Aug 282007
Authors: Erik Myers

If kindness could be measured in dollars and cents, a few hours of service might seem like pocket change to those who sacrificed the semester’s first Saturday afternoon as part of CSU’s RamServe.

But coordinators estimate the 460 student and community volunteers provided about $25,000 in community service over the course of only three hours.

Only in its fourth year, RamServe, a community service event organized by the university at the start of each year, experienced its most successful run Aug. 18.

“Some of the students were a little weary of what we were doing,” said Brittany Eskridge, who organized a group to clean and groom horses at Denkai Animal Sanctuary in Fort Collins. “But once we started getting assigned our projects, everyone was just having a really good time out there.”

New students-freshmen and transfers-made up teams of volunteers that worked at more than 30 non-profit agencies in Fort Collins. Each hour of service is valued at about $18. Altogether, that’s $24,840.

Jen Johnson, RamServe coordinator, said the program was designed to meet the volunteer needs of the Fort Collins community, while exposing new students to the city in which they are now a part.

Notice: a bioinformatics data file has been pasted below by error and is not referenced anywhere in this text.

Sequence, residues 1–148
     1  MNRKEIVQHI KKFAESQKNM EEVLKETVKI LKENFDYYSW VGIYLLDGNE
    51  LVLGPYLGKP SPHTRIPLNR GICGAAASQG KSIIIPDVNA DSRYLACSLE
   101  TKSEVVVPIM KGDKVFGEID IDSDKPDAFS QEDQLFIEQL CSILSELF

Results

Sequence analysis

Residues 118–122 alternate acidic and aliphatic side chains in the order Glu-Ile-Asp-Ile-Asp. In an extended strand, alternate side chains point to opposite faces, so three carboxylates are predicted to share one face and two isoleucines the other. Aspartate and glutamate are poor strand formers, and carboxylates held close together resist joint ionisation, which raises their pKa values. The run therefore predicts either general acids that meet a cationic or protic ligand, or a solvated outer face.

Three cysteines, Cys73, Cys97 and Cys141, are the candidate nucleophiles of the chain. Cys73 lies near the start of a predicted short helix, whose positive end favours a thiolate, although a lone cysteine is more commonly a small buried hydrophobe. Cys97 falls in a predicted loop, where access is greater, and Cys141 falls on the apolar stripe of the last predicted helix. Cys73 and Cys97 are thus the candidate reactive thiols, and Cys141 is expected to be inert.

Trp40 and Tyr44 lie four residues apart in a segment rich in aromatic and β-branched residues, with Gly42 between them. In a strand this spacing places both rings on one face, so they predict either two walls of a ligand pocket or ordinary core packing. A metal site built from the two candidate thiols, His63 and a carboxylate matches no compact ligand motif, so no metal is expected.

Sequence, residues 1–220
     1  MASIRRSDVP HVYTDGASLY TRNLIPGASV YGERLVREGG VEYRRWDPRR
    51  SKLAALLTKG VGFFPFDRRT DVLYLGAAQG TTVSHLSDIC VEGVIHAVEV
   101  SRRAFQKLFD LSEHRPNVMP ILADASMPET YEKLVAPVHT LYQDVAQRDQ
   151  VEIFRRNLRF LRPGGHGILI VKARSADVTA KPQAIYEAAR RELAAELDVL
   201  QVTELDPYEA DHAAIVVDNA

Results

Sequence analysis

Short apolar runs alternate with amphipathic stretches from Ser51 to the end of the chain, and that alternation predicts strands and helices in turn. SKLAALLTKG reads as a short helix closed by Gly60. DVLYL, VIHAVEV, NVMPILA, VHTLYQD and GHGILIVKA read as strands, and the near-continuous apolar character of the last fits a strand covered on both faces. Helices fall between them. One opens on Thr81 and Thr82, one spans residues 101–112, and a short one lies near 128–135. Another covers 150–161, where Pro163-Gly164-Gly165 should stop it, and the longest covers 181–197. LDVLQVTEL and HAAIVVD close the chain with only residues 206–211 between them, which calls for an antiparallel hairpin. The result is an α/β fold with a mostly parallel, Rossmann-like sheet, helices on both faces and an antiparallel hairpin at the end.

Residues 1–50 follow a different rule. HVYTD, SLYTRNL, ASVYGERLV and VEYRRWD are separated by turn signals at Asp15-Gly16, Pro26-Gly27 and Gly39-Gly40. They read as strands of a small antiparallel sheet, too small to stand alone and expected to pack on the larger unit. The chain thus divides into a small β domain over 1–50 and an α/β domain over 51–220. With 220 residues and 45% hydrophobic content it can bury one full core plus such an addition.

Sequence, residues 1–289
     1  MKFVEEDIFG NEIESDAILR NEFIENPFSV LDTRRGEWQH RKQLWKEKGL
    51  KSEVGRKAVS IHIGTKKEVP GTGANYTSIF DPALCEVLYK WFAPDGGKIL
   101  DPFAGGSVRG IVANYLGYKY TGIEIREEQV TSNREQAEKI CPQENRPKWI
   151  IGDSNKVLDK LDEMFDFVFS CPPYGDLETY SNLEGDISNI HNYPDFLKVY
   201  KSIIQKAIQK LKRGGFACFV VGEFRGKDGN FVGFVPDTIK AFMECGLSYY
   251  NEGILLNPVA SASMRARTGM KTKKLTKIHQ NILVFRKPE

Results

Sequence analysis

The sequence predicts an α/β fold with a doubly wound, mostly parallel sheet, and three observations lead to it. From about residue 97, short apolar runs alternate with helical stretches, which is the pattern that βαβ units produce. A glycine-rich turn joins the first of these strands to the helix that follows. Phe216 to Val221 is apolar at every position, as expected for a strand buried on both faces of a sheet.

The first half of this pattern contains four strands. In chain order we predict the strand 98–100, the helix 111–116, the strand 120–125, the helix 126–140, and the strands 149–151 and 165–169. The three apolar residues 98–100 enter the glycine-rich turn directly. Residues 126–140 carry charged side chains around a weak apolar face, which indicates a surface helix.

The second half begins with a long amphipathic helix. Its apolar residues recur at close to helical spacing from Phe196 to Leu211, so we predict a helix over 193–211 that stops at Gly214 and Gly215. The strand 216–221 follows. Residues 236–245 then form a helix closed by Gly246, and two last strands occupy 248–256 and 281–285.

Johnson added that the program was valuable in giving new students a chance to connect to their fellow fresh-faced peers.

“One goal is to help first-year students get to know one another a little bit better and offer them an opportunity to do something positive together,” Johnson said.

Non-profit organizations such as Respite Care, Fort Collins Park Services, Habitat for Humanity, La Familia and the Environmental Learning Center coordinated with RamServe for volunteer services.

Bob Hand, a project manager with Habitat for Humanity, said he was impressed with the effort put forth by the 13 CSU volunteers on his site.

There, students and team leader Sara Gacnik worked through the afternoon, prepping and laying sod for a future Habitat project.

“They were a fun group to work with,” Hand said. “You could tell they were bonding through hard work and having fun.”

Senior reporter Erik Myers can be reached at

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